School security CCTV puts bullies on pause

HI-TECH surveillance cameras installed in schools to stop crime and even terrorism have had an unexpected benefit - slashing bullying and playground violence.

Cameras in the most high-risk schools dramatically cut the number of criminal acts, break-ins and vandalism, their intended targets, but also curbed student bullying.

One school reported a 70 per cent drop in bullying since it has been protected by 57 CCTV cameras monitored around the clock.

In other schools, CCTV footage has been used to prove an agitated student was carrying a knife when he tried to enter the deputy principal's office and to record students encouraging two females to stage an organised fight.

Data btained under information access laws shows video footage has been reviewed by school bosses during the investigation of serious incidents between students. In the case of a fight between two teenage boys at a western  high school, the incident report referred to CCTV footage which "confirmed ... (one of the boys) was in possession of a knife when he attempted to gain entry to the (deputy principal's) office".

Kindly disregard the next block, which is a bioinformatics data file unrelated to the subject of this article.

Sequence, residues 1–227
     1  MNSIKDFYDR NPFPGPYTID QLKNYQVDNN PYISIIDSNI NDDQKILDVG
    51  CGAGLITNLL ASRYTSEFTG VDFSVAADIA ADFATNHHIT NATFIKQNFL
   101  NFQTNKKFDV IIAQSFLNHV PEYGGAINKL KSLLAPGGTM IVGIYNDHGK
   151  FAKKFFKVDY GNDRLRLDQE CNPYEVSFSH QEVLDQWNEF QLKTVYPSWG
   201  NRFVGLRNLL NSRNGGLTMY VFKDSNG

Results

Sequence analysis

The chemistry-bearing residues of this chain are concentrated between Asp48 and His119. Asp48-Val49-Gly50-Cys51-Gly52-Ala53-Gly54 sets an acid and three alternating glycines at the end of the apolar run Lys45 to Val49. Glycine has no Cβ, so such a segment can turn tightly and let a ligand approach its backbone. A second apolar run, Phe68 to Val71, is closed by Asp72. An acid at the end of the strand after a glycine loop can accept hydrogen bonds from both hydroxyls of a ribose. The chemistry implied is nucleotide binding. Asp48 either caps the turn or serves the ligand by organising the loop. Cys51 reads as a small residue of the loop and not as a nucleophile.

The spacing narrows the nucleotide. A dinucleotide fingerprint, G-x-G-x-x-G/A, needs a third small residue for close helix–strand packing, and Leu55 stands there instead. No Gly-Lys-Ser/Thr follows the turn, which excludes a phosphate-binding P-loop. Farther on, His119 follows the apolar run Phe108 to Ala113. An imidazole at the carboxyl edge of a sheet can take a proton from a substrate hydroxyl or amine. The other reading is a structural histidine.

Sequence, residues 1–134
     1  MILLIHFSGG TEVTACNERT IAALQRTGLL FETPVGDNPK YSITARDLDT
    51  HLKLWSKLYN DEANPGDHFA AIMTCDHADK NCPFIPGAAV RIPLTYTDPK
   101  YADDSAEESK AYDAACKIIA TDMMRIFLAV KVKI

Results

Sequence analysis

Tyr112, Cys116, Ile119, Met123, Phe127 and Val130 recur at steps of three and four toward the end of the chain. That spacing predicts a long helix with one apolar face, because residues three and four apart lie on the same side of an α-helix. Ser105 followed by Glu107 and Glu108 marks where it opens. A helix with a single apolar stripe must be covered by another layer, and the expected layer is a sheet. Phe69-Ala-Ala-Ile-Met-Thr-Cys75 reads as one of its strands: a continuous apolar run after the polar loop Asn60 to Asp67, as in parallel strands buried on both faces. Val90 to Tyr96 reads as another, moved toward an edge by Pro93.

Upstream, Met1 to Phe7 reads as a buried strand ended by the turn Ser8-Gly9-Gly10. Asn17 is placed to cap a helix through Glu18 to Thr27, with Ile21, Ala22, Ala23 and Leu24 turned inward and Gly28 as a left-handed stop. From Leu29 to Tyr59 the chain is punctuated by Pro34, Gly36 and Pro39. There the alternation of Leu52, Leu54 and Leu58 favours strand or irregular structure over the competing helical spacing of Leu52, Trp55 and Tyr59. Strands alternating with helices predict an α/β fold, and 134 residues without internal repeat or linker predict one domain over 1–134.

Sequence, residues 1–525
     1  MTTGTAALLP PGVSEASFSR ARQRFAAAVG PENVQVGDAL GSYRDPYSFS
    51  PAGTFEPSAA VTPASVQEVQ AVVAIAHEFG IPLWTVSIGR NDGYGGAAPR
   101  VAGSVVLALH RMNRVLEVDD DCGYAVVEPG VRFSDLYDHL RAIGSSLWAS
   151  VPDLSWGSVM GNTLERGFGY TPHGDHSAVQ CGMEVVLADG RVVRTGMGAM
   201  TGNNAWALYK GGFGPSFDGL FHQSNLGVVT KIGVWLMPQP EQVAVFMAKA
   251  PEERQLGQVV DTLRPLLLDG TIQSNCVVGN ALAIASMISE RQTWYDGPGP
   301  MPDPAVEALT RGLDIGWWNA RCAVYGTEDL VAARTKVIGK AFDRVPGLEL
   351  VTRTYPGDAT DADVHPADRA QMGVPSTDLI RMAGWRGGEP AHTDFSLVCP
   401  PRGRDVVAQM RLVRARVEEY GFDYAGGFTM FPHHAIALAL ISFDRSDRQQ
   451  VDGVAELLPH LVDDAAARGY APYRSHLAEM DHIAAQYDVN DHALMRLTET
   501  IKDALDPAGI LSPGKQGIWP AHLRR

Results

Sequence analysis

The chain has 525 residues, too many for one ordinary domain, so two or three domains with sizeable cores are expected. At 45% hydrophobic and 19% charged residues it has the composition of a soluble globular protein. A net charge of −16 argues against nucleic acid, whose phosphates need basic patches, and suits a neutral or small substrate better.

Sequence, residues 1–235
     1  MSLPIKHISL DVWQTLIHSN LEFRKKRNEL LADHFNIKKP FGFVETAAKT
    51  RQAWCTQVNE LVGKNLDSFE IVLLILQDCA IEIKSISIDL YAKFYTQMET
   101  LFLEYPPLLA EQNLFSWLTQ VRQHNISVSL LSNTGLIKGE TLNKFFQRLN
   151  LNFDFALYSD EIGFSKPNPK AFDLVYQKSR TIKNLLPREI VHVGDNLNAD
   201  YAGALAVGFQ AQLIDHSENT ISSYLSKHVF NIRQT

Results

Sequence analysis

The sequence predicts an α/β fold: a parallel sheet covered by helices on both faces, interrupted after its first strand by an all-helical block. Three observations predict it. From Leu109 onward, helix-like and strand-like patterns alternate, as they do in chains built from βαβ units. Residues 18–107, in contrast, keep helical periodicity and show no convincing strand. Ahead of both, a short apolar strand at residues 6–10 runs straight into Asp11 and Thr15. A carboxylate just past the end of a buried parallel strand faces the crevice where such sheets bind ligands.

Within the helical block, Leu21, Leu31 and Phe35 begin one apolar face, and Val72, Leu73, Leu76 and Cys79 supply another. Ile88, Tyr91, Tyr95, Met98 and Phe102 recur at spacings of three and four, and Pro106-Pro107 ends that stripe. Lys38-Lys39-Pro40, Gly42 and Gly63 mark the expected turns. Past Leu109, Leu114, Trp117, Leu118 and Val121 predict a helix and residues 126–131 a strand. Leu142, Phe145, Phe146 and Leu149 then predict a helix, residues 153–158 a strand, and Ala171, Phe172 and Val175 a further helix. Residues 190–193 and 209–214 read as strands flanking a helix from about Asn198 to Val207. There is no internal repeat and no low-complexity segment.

At a different secondary school, a female student tried to gather a group to support her in a fight against another girl. While no fight eventuated, CCTV showed a large group of students gathered during lunch and was used as evidence to suspend "all students involved in encouraging students to fight".

Strict rules surround the use of cameras in schools and they are banned in change rooms, locker rooms, toilets, showers and other bathing areas. Parents are kept informed about the camera positioning at their children's school, with most told the equipment is deployed for security reasons.

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